This is the first of a five-part ‘short story’ series regarding the RAID log.
Meet the RAID log
“Well, if it is not in her RAID log, I am 99.99% sure it is not happening.” So said one exec to the rest of the executive steering committee. That is the power of a well-maintained RAID log. It brings confidence to your key stakeholders and executives.
Many folks hear RAID and they run for the hills—some because they believe it is a real raid, and others because they think a RAID log is antiquated, outdated, old fashioned and totally not hip nor Agile/Lean. In fact, RAID is ‘raise the roof’ awesome.
RAID logs are one of the key tools that a program or project manager uses to keep themselves sane.
They are not meant to replace any of the agile and lean tools, rather they allow the program manager to be effective, transparent, and efficient.
Program/project managers’ key responsibility is ensuring the right people have the right information at the right time to ensure appropriate decisions are made. Think of Macgyver and always having or making the right tool in every crisis.
Program managers are like the Internet, they get requests all day from executives, stakeholders, team members, product owners, finance, communication teams and multiple business individuals. Balancing the output of answers, they are taking in information throughout the day: key product, business and technical decisions; updates to mitigating actions for risks; actions that have been completed; dependencies that are going to be late; pivot points executed; risks realized into issues and tracking against the overall roadmap.
Yeah, no way to deny—that is a massive amount of data to track, validate, analyze and make decision upon—especially in a timely fashion. How can a mere mortal do this? The answer’s simple: RAID. With RAID you get:
- Knowledge. RAID builds confidence in stakeholders because you have the information 24/7—decisions need to be made quickly often, you, the Program Manager, can provide the data and options at a moment’s notice.
- Efficiency. You don’t need to schedule multiple meetings and workshops to come up with answers for information regarding ‘where are we’, when is something is going to be done, how far off our tolerance are we, what percent success criteria is expected.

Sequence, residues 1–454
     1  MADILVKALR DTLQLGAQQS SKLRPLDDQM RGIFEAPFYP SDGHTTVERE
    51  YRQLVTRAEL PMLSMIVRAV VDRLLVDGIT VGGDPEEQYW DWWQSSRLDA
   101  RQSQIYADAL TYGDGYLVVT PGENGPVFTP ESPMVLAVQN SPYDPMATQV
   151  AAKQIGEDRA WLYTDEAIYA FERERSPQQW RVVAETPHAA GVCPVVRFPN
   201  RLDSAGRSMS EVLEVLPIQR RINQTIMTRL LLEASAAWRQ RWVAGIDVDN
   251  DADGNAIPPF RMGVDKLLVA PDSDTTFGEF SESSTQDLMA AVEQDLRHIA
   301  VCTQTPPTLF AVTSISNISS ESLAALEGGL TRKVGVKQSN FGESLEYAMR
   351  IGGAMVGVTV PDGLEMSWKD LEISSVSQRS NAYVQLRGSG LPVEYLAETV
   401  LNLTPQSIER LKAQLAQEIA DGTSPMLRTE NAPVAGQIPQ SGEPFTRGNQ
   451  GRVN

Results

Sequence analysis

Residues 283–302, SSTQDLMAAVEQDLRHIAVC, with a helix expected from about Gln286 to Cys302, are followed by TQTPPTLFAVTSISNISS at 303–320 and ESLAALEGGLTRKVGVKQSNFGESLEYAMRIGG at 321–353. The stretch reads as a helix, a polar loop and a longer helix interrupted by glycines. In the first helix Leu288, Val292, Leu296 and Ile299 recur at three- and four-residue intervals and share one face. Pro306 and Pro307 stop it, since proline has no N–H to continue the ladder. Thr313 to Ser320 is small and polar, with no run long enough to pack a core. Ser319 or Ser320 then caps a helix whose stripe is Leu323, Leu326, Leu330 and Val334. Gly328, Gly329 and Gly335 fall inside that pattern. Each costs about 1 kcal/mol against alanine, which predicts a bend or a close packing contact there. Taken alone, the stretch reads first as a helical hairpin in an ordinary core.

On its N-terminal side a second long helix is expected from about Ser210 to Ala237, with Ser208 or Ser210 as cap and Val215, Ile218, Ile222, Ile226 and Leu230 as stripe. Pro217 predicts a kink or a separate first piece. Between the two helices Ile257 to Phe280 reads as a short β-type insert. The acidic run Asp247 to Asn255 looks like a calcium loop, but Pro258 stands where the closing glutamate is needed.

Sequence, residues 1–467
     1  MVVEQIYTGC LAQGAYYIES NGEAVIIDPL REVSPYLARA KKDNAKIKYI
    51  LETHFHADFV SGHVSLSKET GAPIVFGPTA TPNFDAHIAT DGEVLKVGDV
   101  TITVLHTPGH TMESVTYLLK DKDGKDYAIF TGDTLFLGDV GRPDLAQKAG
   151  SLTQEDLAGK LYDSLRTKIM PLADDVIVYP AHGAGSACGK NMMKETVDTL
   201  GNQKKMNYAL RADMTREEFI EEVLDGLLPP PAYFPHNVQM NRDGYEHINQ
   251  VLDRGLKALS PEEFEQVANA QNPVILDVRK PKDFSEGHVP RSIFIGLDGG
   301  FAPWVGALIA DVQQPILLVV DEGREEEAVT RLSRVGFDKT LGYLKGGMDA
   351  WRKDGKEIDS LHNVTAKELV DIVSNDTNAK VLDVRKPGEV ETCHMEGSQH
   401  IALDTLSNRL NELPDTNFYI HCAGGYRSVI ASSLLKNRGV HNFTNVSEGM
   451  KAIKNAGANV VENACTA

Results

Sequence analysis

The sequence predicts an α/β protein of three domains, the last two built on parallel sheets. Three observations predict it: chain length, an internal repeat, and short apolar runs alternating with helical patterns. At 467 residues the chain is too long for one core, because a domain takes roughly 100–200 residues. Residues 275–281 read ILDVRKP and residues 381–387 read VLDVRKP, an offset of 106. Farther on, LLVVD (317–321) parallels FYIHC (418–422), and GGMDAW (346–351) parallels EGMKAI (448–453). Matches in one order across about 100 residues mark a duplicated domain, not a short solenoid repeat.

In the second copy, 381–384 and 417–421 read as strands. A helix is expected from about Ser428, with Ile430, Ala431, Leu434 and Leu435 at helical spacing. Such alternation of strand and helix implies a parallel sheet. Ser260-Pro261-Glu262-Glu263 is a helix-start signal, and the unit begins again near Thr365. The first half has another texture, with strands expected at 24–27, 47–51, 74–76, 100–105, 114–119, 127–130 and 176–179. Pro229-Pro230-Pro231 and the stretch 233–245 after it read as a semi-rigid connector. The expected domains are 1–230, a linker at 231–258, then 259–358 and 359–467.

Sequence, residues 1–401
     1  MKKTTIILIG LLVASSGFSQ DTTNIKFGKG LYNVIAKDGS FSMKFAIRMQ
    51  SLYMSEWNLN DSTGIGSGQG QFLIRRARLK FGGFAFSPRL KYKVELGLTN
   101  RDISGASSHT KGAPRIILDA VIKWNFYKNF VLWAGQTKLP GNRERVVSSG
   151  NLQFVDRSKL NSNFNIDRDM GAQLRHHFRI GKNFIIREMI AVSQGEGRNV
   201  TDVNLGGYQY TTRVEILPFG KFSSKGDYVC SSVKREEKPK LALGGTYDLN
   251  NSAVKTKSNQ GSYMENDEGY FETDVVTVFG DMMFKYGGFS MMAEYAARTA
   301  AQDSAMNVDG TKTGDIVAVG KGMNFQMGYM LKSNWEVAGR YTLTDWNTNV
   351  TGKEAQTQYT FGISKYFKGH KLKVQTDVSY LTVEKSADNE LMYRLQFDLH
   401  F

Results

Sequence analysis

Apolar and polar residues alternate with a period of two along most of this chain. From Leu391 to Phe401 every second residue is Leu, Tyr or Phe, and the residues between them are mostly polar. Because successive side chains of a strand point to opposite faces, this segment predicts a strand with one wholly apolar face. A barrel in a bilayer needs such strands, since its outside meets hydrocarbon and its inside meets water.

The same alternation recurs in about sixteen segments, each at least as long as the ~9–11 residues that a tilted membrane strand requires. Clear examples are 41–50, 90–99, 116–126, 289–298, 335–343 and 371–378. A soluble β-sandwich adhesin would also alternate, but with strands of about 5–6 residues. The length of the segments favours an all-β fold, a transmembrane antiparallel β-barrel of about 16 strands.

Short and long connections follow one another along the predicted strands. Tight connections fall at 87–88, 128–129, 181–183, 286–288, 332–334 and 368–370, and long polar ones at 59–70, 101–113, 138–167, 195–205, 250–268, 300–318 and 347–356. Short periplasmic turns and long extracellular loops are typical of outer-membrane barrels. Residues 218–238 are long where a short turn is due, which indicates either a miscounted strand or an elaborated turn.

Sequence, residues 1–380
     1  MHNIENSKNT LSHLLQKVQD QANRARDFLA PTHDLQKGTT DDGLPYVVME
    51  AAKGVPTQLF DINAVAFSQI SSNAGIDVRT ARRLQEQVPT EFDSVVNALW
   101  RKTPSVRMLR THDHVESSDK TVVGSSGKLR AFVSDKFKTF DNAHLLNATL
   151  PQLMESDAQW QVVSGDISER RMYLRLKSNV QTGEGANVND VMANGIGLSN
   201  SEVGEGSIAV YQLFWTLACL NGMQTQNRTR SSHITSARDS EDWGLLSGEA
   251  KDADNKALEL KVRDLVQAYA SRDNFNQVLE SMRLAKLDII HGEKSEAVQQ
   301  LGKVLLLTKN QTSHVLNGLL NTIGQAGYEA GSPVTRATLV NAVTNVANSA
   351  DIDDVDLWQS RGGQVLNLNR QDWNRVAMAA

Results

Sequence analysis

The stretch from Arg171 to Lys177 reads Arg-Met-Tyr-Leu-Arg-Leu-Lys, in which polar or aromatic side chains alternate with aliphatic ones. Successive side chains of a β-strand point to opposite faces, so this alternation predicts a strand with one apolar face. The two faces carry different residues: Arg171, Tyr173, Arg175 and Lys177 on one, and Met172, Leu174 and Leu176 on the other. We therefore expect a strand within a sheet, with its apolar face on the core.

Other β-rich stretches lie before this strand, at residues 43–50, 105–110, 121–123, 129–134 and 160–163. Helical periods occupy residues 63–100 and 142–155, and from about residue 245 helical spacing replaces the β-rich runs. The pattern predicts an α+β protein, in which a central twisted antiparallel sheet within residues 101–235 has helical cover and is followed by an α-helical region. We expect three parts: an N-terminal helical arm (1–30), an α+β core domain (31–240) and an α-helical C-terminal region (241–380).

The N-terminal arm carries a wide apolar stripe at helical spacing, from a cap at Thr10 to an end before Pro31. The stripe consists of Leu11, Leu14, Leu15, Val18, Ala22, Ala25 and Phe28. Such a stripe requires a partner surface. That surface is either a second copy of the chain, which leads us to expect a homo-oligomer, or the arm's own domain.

- Trust. Executives rely on the program manager to have accurate information in a timely fashion. The RAID log can also point to whom you need to contact for deeper details.
- Success. Increases the probability of success dramatically. There are no dropped balls, missed dependencies, nor unmanaged risks. You will still have risks realized, but it won’t be a surprise and team members will know the risk response plan ahead of time.
What is RAID?
The RAID log is a spreadsheet with multiple tabs. It contains:
Risks: Identify risk, root cause, trigger date, risk response plan, risk mitigating activities, rating.
Actions: Those items you are tracking which must be completed usually by the core team.
Issues: Risks that have been realized and now tracking as issue: owner, eta solution, root, daily, hourly updates, lesson learned.
Dependencies: matrix identifying cross stream dependencies, due dates, status, owners, recipients.
Actually, in some cases you might see the ‘D’ described as ‘Decisions’. There’s certainly value in having a log of all technical and non-technical decisions identifying decision makers, date, venue, so sometimes we include that in our Dependencies category too.
Other components often included:
- Team (listing of team members and concise stakeholder analysis of each).
- Communication plan matrix.
- Meeting cadence.
- Success criteria, gate criteria, experiment results.
- Go no-go checklist.
- Release checklist.
In the subsequent parts, we’ll be exploring how RAID has been successfully used to improve project delivery.